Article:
Before you plan a summer wardrobe dyed with red cabbage, I should point out that not one of my 15 natural dyeing books works with red cabbage. Therefore, I think the colors may fade or, encountering something of a different pH, change color. Mine have their color after a month indoors, however.

As always, natural dyeing is an adventure and a delight!


Comments and corrections welcome.

Kathy Keeler

I put a link to an update in the comments, but it isn't "live": here's the link http://khkeeler.blogspot.com/2015/09/dye-plants-colors-of-red-cabbage-update.html






11 comments:

  1. I found that my alpaca fibers were wash fast and light fast when I premordanted them with myrobalan (which makes a butter yellow). I'm thinking that maybe the alum blocks the absorption of red cabbage dye on wool since the dye is water soluable and the alum salts are coating the fibers. Possibly mordanting AFTER I dye may yield better results?

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  2. Lovely post with clear instructions and great pictures. Can I ask how the silk is one year on? Has the colour faded or changed at all?

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  3. I couldn't figure how to upload a photo to answer Saffi's question, so I wrote an update post http://khkeeler.blogspot.com/2015/09/dye-plants-colors-of-red-cabbage-update.html (this blog, Sept. 17, 2015)

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  4. Well I am just so grateful for this post! My first go with red cabbage has been a surprise. I used my raw, unfiltered well water, which I know has iron in it, to extract dye from the cabbage. The water is a deep indigo. Does that mean my water is alkaline? How wonderful if so! Also, I am using 100% cotton. Maybe it was pretreated. I'm not sure. I didn't use a mordant for my initial attempts. I'm going to try using alum now. Or maybe cream of tartar.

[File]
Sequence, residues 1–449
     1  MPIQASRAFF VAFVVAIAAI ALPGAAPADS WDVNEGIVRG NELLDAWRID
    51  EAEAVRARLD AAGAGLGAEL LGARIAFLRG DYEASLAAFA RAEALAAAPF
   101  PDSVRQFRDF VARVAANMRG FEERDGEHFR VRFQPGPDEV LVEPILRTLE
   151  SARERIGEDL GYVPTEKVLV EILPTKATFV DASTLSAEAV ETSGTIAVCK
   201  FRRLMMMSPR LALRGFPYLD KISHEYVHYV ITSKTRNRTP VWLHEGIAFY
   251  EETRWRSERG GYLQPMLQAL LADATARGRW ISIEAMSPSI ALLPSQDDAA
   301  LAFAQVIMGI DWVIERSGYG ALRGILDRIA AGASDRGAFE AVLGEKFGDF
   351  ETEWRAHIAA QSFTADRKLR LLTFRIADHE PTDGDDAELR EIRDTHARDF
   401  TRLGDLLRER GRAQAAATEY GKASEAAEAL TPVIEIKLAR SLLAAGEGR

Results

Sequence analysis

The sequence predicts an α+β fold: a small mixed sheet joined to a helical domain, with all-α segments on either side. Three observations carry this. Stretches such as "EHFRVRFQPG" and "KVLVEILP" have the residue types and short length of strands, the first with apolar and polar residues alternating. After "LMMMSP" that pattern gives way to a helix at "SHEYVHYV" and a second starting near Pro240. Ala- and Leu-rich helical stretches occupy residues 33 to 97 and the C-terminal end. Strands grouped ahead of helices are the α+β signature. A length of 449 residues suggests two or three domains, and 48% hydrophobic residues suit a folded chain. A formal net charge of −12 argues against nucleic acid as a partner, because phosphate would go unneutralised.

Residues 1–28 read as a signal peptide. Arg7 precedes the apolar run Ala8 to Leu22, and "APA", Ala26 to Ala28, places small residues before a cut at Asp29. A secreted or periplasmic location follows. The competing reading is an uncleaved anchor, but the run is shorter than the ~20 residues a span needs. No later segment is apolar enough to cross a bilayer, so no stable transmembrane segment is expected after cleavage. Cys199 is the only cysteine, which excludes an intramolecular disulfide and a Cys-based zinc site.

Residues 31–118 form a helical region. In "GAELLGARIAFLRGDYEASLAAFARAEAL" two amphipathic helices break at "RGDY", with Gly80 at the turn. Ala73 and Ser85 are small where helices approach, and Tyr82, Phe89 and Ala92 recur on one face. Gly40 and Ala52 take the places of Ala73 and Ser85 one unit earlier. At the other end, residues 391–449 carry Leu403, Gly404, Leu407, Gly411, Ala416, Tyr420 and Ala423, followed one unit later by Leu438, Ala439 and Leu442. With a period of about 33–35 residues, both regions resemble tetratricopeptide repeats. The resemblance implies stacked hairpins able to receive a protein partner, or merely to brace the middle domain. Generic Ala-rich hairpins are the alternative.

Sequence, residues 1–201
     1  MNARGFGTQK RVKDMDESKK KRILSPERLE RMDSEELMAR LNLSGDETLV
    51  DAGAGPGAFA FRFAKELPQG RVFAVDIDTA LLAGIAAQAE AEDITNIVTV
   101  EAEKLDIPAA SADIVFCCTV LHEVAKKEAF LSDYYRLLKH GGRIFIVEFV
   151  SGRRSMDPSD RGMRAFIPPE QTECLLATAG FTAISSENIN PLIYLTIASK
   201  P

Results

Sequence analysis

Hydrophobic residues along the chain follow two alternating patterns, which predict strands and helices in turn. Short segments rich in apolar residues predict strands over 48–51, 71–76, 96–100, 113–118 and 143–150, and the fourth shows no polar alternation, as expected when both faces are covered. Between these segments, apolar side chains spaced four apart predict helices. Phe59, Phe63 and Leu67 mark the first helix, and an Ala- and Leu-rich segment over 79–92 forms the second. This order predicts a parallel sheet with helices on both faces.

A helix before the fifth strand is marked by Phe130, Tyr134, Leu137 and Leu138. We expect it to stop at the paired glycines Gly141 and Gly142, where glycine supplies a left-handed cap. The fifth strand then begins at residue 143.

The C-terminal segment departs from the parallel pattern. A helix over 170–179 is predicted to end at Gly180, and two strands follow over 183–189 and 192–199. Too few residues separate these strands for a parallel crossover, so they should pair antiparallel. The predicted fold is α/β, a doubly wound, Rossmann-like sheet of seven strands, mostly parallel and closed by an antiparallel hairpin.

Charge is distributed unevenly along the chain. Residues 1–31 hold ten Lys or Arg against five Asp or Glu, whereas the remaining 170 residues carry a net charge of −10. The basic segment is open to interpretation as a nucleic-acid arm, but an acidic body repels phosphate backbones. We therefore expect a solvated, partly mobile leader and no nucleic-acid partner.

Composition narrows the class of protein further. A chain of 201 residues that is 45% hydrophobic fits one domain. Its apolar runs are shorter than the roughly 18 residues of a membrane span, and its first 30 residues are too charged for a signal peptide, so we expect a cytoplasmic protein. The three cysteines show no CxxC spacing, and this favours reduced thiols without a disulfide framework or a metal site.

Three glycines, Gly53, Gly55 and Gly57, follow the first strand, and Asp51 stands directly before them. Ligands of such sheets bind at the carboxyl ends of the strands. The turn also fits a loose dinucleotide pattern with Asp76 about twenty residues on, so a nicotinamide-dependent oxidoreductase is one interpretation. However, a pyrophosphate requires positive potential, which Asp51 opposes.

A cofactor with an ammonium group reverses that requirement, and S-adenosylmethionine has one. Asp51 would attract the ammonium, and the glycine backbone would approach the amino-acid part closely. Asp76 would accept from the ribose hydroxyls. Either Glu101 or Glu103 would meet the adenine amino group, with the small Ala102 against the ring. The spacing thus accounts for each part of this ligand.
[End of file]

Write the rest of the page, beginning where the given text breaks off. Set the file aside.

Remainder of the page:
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    1. I have some Rambouillet already spun and for the first time, steamed a red cabbage. I also have unfiltered well water - it was a beautiful marine blue and I know I have iron in it. I just may experiment with it and see what I come up with. LOVE that blue. It's almost sapphire.

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  5. Glad you had such fun! The iron in your water probably acted as a mordant. Most mordants are metal ions that bind to the cloth. So you have four differences from my experience: water pH, iron in the water, no alum and cotton fibers. Any or all of them could have determined the color. Iron as a mordant saddens (technical term) the color, making it less bright and generally darker. You might learn a lot from using distilled water and doing everything else the same. Did the cotton turn deep indigo?

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  6. The link to a year later didn't work. 😓 Perhaps, there's a different link?

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  7. Goatberry: I added the link to the update on the bottom of the original post.

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  8. Wow, great post. Thanks! Do you know how colorfast or lightfast the cabbage dyes are? It looks like you posted in 2014. I'm curious to know if the color has held up!

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  9. Follow-up post. They aren't color-fast. See http://khkeeler.blogspot.com/2015/09/dye-plants-colors-of-red-cabbage-update.html

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  10. Very cool! Thank you for sharing.